NRL boss Todd Greenberg has doubled down on threats to throw the book at players misbehaving, saying they're going to a get a "whack" from the game.
With just four rounds remaining before half the league enters its off-season, Greenberg on Wednesday warned clubs about the consequences of misbehaviour.
"I reminded the clubs today that that's the last time I'll see all 16 club CEOs in a room until well into September," Greenberg said.
"And I reminded them of their obligations as leaders of their clubs to ensure that they are well-prepared for anything that happens post-season.
"Onus of responsibility is on clubs and players.
"It's pretty simple: Behave yourself, enjoy yourself, but hold yourself to account and understand you represent the game at all times."
Greenberg's comments come as the integrity unit closes in on completing its investigation into Parramatta forward Shaun Lane.
Photos emerged this week appearing to show Lane holding a bag of white substance reportedly during end-of-season celebrations with Manly last year.
Lane went on to join the Eels over the summer, where he has become a critical part in their push from wooden spooners to finals contenders.
A punishment is expected to be handed down before the weekend, with Lane likely to be heavily fined.
Sea Eagles coach Des Hasler, who wasn't at the club last year, was reluctant to discuss the details of the events but suggested the photos may have been a joke.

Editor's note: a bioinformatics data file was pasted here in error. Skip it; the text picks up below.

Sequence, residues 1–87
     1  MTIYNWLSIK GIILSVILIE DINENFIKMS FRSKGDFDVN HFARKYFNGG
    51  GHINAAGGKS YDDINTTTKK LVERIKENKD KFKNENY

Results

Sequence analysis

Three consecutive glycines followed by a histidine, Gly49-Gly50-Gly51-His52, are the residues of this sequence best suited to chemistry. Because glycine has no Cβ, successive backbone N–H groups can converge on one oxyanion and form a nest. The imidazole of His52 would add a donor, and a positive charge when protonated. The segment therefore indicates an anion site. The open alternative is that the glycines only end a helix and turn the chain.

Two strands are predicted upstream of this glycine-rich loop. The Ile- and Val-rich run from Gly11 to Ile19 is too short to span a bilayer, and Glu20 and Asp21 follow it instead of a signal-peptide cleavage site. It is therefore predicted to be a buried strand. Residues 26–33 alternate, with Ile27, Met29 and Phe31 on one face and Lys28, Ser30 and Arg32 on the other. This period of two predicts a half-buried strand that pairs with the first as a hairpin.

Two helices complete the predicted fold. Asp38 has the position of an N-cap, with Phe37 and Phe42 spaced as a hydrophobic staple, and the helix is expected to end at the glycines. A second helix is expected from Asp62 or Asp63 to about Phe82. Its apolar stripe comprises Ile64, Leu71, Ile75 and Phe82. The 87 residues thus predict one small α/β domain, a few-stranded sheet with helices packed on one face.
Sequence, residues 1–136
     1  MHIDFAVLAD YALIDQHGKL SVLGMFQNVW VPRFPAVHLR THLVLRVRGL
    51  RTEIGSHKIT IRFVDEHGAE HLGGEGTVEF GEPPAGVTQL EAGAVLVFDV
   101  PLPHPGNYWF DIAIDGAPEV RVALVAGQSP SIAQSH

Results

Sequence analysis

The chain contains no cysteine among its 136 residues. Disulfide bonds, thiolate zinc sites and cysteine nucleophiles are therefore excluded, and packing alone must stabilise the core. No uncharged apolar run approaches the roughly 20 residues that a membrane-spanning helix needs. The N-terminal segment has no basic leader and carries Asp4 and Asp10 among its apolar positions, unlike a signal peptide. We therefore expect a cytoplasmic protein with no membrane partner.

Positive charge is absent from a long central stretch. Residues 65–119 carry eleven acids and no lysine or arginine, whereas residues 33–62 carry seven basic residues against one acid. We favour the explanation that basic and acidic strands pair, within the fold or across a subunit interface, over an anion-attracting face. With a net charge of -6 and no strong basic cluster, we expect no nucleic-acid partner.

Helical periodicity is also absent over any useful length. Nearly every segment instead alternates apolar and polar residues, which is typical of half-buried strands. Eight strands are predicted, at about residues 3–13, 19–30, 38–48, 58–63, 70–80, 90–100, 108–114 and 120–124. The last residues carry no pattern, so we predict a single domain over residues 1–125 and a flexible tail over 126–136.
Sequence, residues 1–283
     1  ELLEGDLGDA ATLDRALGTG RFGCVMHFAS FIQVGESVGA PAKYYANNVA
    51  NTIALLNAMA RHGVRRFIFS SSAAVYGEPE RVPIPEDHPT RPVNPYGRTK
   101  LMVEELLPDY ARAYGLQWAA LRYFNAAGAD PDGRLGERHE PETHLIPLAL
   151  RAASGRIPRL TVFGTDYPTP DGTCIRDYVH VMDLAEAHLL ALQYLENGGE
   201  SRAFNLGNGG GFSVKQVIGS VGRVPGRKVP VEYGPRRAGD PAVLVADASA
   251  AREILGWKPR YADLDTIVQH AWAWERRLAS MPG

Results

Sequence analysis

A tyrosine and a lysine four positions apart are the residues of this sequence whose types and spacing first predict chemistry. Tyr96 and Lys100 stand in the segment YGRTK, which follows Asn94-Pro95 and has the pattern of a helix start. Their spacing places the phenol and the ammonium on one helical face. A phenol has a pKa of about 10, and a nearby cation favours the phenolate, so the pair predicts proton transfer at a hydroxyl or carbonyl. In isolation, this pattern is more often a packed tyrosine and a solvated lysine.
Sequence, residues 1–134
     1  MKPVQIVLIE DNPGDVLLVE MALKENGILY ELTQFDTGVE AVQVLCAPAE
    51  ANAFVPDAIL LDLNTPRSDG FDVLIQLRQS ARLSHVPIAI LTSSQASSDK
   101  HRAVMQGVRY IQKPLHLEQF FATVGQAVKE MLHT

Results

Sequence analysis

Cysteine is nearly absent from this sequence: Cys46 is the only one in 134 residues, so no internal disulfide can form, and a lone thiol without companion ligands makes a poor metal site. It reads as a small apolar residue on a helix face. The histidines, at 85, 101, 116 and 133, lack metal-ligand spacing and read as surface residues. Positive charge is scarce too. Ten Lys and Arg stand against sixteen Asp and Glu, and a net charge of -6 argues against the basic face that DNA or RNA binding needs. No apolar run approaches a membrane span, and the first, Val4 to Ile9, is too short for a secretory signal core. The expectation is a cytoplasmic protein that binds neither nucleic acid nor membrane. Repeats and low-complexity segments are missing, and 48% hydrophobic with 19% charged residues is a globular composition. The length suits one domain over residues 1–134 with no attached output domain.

"For players, it'd be idiotic to try and, particularly in regards to the image of the game, if it was a gee-up or a bad joke," Hasler told reporters on Wednesday.
"Who knows what the powder was? It could've been Panadol or Disprin.
"At the end of the day, don't risk it, because it sounds, at the end of the day, there's going to be a hefty fine on the back of it."
Hasler was unsure if eliminating Mad Monday celebrations was the solution.
"It's a discussion that's always come out ... define what Mad Monday is. There's just got to be smart planning and accountability shown."
The latest scandal comes after the game introduced a no-fault stand-down policy for players charged with serious criminal offences earlier in the year.
Greenberg said the strengthened code gave him confidence that the game would endure less drama off the field this off-season after a plethora of incidents after 2018 had wrapped up.
"We now have the strongest rules in any sport in this country, and you might argue stronger than any other rules across the world in relation to sanctions of players and the ability for us to hold players out for alleged behaviour or charges," he said.
"We've demonstrated that this year on three individual occasions.
"And I've been very clear publicly from the start of this year right to now, that if you put yourself out of the crease, you give the game a black eye, and you behave poorly, there will be consequences.
"I've been criticised this year a number of times for going hard at players for those consequences, and we're going to keep doing it because if players keep doing the wrong thing, they're going to get a whack from the game."
Australian Associated Press